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Outstanding Benefit and Multinational Companies

21 December 2017

Earlier this year the Court of Appeal dismissed an appeal by Professor Ian Alexander Shanks (Shanks) against an earlier dismissal of his appeal against the decision of Hearing Officer, Mr Julyan Elbro, dismissing his claim for employee compensation in favour of the defendants Unilever PLC, Unilever NV and Unilever UK Central Resources Limited (Unilever).

The relevant point of law in this case was section 40 of the Patents Act 1977 which, for those unfamiliar, contains a provision for compensation to be awarded to an employee inventor who has made an invention belonging to their employer for which a patent has been granted, if “…the patent is (having regard among other things to the size and nature of the employer’s undertaking) of outstanding benefit to the employer and that by reason of those facts it is just that the employee should be awarded compensation ……”.

As a brief background to this long-running case, Shanks was an inventor employed by Unilever. During the course of his employment, Shanks worked on developing a range of biosensors for which a patent was ultimately granted. Unilever went on to license out the use of the patented technology bringing in an estimated £24.5m. The Hearing Officer decided that this did not amount to an “outstanding benefit” and dismissed Shanks’ claim. This decision was later affirmed by Arnold J during the first appeal at the High Court.

The focus of the second appeal at the Court of Appeal (see here) was the assessment of outstanding benefit and how it should be calculated. In reaching his decision, Patten LJ accepted Shanks’ argument that “‘outstanding benefit’ cannot be determined simply by comparing the income generated by the patent with the overall turnover and profitability of the employer’s undertaking” and that doing so would constitute an error of law. However, interestingly, Patten LJ went on to state that “a straightforward comparison of profitability may be sufficient, in the case of a much smaller company, to satisfy the test of outstanding benefit“.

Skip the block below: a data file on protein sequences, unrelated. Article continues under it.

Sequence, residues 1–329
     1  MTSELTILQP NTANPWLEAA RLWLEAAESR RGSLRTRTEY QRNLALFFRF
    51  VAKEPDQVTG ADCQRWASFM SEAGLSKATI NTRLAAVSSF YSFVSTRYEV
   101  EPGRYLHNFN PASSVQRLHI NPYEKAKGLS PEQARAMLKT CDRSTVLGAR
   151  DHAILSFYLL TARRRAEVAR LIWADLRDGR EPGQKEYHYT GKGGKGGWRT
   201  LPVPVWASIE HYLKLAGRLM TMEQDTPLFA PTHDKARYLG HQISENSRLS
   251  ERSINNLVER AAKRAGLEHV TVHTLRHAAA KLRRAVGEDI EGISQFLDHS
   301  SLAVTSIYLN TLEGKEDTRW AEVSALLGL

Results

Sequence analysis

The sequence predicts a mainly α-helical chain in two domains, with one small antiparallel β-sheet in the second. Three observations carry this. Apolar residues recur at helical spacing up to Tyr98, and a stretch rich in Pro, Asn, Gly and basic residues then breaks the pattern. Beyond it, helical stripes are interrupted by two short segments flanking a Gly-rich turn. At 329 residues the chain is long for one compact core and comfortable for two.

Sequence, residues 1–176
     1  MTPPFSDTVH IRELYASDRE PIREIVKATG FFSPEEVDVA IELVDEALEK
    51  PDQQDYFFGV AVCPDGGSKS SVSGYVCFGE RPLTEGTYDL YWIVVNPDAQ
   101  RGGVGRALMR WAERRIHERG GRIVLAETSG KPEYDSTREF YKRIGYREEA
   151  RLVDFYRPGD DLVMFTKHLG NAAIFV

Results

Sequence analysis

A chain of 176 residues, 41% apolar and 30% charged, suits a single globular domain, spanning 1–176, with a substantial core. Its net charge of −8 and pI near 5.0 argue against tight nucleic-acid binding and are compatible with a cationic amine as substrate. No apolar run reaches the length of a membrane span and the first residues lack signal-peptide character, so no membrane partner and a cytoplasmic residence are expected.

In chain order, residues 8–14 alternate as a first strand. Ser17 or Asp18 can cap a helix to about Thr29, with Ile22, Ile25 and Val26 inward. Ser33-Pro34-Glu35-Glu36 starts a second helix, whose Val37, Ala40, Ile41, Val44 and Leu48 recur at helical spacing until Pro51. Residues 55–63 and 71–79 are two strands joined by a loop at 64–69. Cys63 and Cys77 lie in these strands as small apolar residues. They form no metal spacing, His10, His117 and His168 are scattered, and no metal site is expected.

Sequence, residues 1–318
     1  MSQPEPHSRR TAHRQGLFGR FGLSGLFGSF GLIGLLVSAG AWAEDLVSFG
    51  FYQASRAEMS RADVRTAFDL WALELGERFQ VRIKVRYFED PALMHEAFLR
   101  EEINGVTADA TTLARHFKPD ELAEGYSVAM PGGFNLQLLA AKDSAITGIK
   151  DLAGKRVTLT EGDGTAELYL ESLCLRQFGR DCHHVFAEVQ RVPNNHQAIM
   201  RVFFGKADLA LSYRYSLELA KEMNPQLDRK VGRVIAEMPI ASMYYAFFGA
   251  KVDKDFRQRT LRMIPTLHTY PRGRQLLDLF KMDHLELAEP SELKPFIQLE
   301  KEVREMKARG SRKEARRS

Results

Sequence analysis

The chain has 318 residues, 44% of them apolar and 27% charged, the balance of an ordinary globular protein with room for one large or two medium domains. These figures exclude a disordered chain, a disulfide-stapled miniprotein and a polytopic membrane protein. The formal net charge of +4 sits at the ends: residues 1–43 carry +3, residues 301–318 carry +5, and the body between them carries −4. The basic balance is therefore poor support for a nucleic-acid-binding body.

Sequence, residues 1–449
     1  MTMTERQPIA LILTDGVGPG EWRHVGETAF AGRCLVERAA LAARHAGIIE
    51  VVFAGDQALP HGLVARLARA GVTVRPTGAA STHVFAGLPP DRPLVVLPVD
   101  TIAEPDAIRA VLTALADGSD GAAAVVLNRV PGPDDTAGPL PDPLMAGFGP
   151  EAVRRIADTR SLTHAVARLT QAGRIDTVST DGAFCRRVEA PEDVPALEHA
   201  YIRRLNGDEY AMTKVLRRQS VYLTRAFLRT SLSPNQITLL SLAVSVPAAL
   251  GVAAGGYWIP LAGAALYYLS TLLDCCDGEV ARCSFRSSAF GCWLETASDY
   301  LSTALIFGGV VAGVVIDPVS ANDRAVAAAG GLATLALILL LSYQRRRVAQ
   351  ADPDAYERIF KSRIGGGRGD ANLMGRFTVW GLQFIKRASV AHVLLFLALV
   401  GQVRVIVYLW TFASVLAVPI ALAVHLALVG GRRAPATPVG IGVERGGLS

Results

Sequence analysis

Shanks argued that in finding no outstanding benefit, the Hearing Officer had failed to consider other factors and had simply relied upon the fact that the income generated by the patent, £24.5m, was not ‘outstanding’ when compared to the annual turnover of Unilever, which generated in excess of £1bn. In other words, Unilever was “too big to pay“.

However, Patten LJ at the Court of Appeal did not find this to be persuasive. In finding that Shanks’ invention did not provide Unilever with an outstanding benefit, the Judge found that, in addition to the comparison between the revenue of the patent and Unilever’s group profits as a whole, the Hearing Officer had also considered:

  • The high rate of return obtained by Unilever from the patent to Shanks’ invention
  • The disparity between the benefit received by Shanks and Unilever
  • The value of Shanks’ patent compared with other such patents owned by Unilever
  • The license fees extracted from Shanks’ patent compared with other such patents owned by Unilever

Although the Hearing Officer did take these factors into account, he ultimately decided that these factors were not sufficient to show an outstanding benefit in this case, stating that “Unilever makes profits at an order of magnitude greater on other inventions – albeit primarily by manufacture and at a much lower rate of return than was provided by the Shanks patents. Further, this is not such a case as Kelly, where Floyd J held that without the patents in that case, Amersham would have faced a crisis. There was no suggestion from either party that the Shanks patents were crucial to Unilever’s success“.

This led the Court of Appeal to find that the Hearing Officer had indeed given weight to various factors and had not erred in his finding of no outstanding benefit. Therefore the appeal was dismissed with Patten LJ commenting “…if the correct reading of the decision is that the Hearing Officer did carry out an analysis of the other factors which were pressed on him as relevant but concluded that on balance they did not make the benefits outstanding then it would not be right in my view for this Court to interfere. The weight to be given to those factors was a matter of judgment for the Hearing Officer.

An important point to take away from this decision is that whilst, in theory, a company is never “too big to pay”, the relative size of the employer in question nevertheless plays a significant role in determining whether an employee is entitled to compensation. This decision is good news for employers, who will argue that inventors are adequately compensated for their work in the salaries they receive, but does little to incentivise inventors to go above and beyond the call of duty.

Permission to appeal to the Supreme Court has been granted (UKSC 2017/0032). We await the outcome with interest.

Alex Harvey
Advanced Engineering group

If you require further information on anything covered in this briefing, please contact Alex Harvey (; 44 20 7940 3600) or your usual contact at the firm. This publication is a general summary of the law. It should not replace legal advice tailored to your specific circumstances.

© Withers & Rogers LLP, December 2017